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6 Common Startup Recruiting Mistakes and How to Avoid Them

Hiring top talent is one of the biggest challenges for startup founders, especially at an early stage where having the right people on your team can be the difference between startup success and failure. Early stage technical hires must be able to hit the ground running when it comes to adapting to the requirements and pace of product development. With less time and resources to devote to the hiring process, it is extremely important that founders are aware of the common recruiting hurdles that most startups face. Here are the 6 most common startup recruiting mistakes and how to avoid them:

1. Hiring Generalists over Specialists

At an early stage, it is tempting for startup founders to focus on finding that elusive developer evangelist, who can write great code, lead the development of your product vision, and get tech enthusiasts excited about what your product offers. But waiting for that all-around star to come along may not be the best idea when faced with product launch deadlines.

Instead, seek out and hire talent that specialize in different areas of expertise, so that you can build a strong team that compliments each other’s skill sets. To do that, you must have a detailed know-how of what skill stacks your product requires at each stage and look for candidates that specialize in those areas.

2. Not Having a Comprehensive Job Description

Before you start reaching out to candidates for an unfilled startup role, you must have a detailed job description to guide you on what your requirements are for that position. You will then be able to accurately evaluate each candidate on up to what extent their expertise and experience matches your requirements.

A comprehensive job description must include the complete list of responsibilities, skill stack, personality traits, required qualifications and any other capabilities that you’re looking for, along with how you see position as adding value to your startup.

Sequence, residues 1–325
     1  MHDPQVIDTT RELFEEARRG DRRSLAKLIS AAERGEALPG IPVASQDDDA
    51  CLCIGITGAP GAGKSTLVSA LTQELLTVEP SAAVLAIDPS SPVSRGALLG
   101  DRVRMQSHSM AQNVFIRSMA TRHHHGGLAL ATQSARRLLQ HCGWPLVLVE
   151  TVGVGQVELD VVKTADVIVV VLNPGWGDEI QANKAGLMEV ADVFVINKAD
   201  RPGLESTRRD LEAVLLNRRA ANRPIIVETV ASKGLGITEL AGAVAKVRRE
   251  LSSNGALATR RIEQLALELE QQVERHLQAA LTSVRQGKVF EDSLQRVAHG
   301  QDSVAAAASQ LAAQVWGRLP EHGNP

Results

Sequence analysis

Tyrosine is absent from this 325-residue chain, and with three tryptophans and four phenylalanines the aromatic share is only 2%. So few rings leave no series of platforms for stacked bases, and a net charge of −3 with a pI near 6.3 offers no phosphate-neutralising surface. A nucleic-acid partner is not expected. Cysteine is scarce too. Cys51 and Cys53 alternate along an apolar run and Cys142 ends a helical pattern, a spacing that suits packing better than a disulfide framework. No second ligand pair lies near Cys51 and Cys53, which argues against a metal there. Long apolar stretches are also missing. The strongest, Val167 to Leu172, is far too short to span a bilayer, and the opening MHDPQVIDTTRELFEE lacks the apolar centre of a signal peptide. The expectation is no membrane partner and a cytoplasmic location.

3. Avoiding Structured and Challenging Interviews

You met this really interactive programmer at a technology conference last week, and your first instinct is to have a quick Skype interview with them and then make them an offer based on how it goes. This is how a number of startup founders end up hiring their early talent, not assessing candidates via structured interviews and proper screening.

Your initial Skype call or face to face meeting should only serve as a screening process, where you assess their creativity and temperament. Follow up with a structured, challenge-based interview where you have them provide the best possible solution to a technical process from their area of expertise, on the spot. This will reflect their resourcefulness and ability to adapt when faced with challenges in a startup environment. Finally, have a communications interview, where you assess their ability to collaborate with multiple stakeholders as well as their personality traits like willingness to learn and self-awareness.

4. Not Selling the Candidates on Your Startup Idea

For a disruptive startup idea, having an early stage team that is as passionate about the product as the founders, is key to the concept being adopted by the industry. If your early hires are not sold on the product, chances are they will deviate from the startup goals from time to time.

Make sure that you give all of your candidates an orientation in their initial interview on how your startup disrupts traditional business with its mere existence. Every single candidate must see your passion, progress and accomplishments on your way to being the next big startup idea, showing them that an opportunity to work with you is a great career move for them.

5. Recruiting Talent that is not a Cultural Fit for Your Startup

Working in a startup environment means having the ability to constantly learn and adapt, and at times managing multiple tasks resourcefully. Talent that are not strategic or cannot handle change will end up being bad hires for a fast paced startup culture.

A good indicator for the right cultural fit is if the candidate has prior experience working with a startup or an understanding of startup cultures. During the hiring process, have them spend some time in viewing how your team operates - giving them an idea of the pace, energy, and initiative that is required to get through the day at your startup. If at the end of the session they are excited rather than anxious, they’re definitely your next vital team member.

6. Not Utilizing Offshore Staffing Partners

Acquiring the services of an offshore staffing partner can help you source the right talent and reduce time to fill for an otherwise long unfilled position. Startup owners are often hesitant in utilizing offshore talent, due to there being a great deal of uncertainty when working with offshore teams.

The best way to get over that fear of offshoring is finding a partner with a hybrid team, having physical presence in the U.S. for continuous support. Your offshoring partner must also be exceptional at hiring and training talent that can adapt to any kind of working environment across diverse cultures.

 

Utilizing well-defined processes with clear objectives and end results when hiring an early stage startup team must be the top priority for founders, making sure that they cover every aspect of how the hires will potentially add value to startup goals. Have any other hiring suggestions for startups? Feel free to share your insights in the comments below.

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